Display Settings:


Send to:

Choose Destination
See comment in PubMed Commons below
Cardiovasc Pathol. 2013 Jan-Feb;22(1):65-9. doi: 10.1016/j.carpath.2012.06.001. Epub 2012 Aug 20.

Fibrosis, myocardial crossings, disconnections, abrupt turns, and epicardial reflections: do they play an actual role in human permanent atrial fibrillation? A controlled necropsy study.

Author information

  • 1Heart Institute, InCor, Hospital das Clínicas da Faculdade de Medicina da Universidade de São Paulo, 05403-000 São Paulo, Brazil.


Atrial myocardium fibrosis and other alterations of fiber continuity and potential circuit reentrancy (disconnections, abrupt turns, crossings, and epicardial reflections) are thought to play an important role in permanent atrial fibrillation. However, few studies have been performed in human beings. Some of them are only descriptive, and controls were usually normal hearts; thus, differences between cases and controls could be related to the underlying disease rather than the arrhythmia. We quantified by histomorphometry the above characteristics in nine samples (three from the left atrium, three from around fat pads, one from the right atrium, one from the cavum-tricuspid isthmus, and one from the ventricular septum) from 13 necropsy hearts of patients with permanent atrial fibrillation and compared the findings with those from 13 control cases with the same diseases but without any atrial arrhythmia. Statistical analysis was performed using generalized estimating equations and a normal linear mixed model for repeated measures, with significance defined as P ≤.05. No differences were found in fibrosis (estimated as collagen/(collagen+myocardium) ratio-0.26 vs. 0.23, P=.35), the presence of disconnections (70.1 vs. 61.5, P=.09), abrupt turns (43.6 vs. 45.3, P=.84), or epicardial reflections (9.4 vs. 14.5, P=.12). The only difference identified was that cases with permanent atrial fibrillation exhibited fewer crossings than those without (79.5 vs. 91.5, P=.02). In conclusion, alterations in myocardial fiber continuity, including fibrosis, seem to reflect a generalized myocardial disorganization of the atria in cardiac disease but are not specifically related to permanent atrial fibrillation.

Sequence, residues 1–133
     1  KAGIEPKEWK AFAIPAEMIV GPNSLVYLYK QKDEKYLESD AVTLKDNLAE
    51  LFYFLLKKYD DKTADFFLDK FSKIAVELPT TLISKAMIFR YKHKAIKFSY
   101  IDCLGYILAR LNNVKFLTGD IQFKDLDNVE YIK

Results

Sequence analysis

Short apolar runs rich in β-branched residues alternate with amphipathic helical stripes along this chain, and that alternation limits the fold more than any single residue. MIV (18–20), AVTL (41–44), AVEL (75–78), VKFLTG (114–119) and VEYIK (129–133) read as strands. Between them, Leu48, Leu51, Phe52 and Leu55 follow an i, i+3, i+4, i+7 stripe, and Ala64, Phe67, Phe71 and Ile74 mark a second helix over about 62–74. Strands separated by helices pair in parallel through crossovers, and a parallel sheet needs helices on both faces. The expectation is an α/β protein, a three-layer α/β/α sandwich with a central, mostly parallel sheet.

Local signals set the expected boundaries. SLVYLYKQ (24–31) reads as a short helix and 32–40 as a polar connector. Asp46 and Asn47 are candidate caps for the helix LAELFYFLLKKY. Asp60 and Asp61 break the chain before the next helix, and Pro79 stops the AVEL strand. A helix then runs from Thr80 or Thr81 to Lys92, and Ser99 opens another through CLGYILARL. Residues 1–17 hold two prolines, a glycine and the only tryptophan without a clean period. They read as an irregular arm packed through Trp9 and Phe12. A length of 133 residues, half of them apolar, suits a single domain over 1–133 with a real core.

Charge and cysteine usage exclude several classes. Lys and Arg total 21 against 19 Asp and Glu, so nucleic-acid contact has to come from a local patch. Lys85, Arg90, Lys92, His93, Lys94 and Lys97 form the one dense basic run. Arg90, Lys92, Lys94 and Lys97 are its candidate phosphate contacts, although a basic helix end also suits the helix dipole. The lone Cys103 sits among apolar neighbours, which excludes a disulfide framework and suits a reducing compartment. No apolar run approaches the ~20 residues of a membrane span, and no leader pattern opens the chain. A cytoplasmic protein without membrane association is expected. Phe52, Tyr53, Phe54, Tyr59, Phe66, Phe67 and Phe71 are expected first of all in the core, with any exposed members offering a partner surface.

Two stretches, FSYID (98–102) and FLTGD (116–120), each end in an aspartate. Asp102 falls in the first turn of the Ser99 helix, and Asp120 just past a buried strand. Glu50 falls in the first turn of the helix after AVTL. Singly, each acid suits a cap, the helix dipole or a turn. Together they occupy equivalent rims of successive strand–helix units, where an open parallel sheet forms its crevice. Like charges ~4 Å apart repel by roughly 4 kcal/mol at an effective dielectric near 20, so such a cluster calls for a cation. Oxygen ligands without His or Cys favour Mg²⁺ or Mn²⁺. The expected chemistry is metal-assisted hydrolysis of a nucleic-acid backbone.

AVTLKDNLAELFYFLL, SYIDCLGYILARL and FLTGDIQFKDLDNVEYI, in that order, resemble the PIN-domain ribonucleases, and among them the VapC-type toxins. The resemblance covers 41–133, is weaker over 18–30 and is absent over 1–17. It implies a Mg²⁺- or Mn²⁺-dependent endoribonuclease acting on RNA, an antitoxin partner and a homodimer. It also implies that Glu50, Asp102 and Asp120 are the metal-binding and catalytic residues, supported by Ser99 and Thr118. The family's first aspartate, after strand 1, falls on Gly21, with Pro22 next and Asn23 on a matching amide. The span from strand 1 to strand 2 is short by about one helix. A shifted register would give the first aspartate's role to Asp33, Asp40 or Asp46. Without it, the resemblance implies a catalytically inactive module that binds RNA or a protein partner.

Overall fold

Copyright © 2013 Elsevier Inc. All rights reserved.

[PubMed - indexed for MEDLINE]
PubMed Commons home

PubMed Commons

How to join PubMed Commons

    Supplemental Content

    Full text links

    Icon for Elsevier Science
    Loading ...
    Write to the Help Desk